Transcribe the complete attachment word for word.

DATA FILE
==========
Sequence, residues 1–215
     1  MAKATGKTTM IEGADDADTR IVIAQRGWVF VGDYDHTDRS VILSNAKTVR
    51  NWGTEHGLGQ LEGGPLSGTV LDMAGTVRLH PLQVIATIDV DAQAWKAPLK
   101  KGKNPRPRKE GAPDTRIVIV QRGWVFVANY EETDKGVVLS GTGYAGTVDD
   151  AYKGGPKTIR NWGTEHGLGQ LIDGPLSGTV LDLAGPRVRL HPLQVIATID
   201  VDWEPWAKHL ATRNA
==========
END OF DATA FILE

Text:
Sequence, residues 1–215
     1  MAKATGKTTM IEGADDADTR IVIAQRGWVF VGDYDHTDRS VILSNAKTVR
    51  NWGTEHGLGQ LEGGPLSGTV LDMAGTVRLH PLQVIATIDV DAQAWKAPLK
   101  KGKNPRPRKE GAPDTRIVIV QRGWVFVANY EETDKGVVLS GTGYAGTVDD
   151  AYKGGPKTIR NWGTEHGLGQ LIDGPLSGTV LDLAGPRVRL HPLQVIATID
   201  VDWEPWAKHL ATRNA